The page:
Remember put on your own life jacket first before helping others. So look after yourself.

CharlieSays13 Sun 14-Oct-18 20:10:44

Would just like to say a big thank you to everyone who responded. You've given us plenty to think about but also made us realise that actually, we're not doing too badly.

I've had a half decent night's sleep and now a glass of vino and feeling like I have my mojo back again XX

OP’s posts: |
Ted27 Sun 14-Oct-18 20:20:15

glad you are feeling better Charlie. I was going to say cut yourself some slack. You are all in shock at the moment, its a massive change to all your lives, it takes time but it will get better.
I'd second getting in as much practical help as possible, or just let your standards slip ! All that matters really is that everyone is fed and watered, and living on fish fingers for a few weeks won't hurt, nor will plonking them in front of a DVD for a few hours while you get a cup of tea
How old are they?

Chicklette Sun 14-Oct-18 22:34:36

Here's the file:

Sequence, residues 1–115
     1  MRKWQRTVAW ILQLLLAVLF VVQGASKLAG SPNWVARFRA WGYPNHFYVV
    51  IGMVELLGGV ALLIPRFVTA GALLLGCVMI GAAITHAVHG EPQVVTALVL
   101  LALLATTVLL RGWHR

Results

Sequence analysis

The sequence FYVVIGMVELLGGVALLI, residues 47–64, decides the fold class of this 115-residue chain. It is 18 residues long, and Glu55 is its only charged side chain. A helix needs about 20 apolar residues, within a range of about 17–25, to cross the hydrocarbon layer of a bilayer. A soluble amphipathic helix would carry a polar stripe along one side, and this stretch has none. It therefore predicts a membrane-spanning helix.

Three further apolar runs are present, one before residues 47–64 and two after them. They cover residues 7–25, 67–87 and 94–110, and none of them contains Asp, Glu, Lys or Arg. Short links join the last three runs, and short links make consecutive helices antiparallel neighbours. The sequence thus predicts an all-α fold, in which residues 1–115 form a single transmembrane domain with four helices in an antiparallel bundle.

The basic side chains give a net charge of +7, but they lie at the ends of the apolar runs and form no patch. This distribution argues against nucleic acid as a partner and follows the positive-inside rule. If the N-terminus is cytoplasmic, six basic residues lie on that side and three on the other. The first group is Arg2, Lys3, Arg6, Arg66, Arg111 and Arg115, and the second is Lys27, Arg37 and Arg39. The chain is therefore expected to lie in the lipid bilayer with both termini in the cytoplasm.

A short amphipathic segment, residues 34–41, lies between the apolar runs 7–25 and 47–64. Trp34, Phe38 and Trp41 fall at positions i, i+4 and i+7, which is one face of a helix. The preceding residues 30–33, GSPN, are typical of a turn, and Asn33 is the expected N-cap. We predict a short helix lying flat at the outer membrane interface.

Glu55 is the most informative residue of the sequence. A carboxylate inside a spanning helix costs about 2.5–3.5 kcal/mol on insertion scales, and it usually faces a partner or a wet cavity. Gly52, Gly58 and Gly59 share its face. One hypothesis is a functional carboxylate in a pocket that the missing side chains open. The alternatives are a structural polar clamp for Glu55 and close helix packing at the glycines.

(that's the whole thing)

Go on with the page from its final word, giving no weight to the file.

We adopted 2 at the same time and it was haaaard so I can only imagine what 3 feels like! If you give approximate ages and an idea of the behaviours and things you are struggling with we might be able to give more specific advice. We went to the park for a few hours everyday and didn’t really set any other goals for a long time-I occasionally tried to go to the post office/super market or pharmacists and bitterly regretted it!! Also playing simple ball games (except eldest always sabotaged games) giving them a bath every day so that they were contained and happy playing with bath toys separately for half an hour or so every day. Things that worked for us was to enjoy the fun or normal glimpses and have low expectations! And use your support network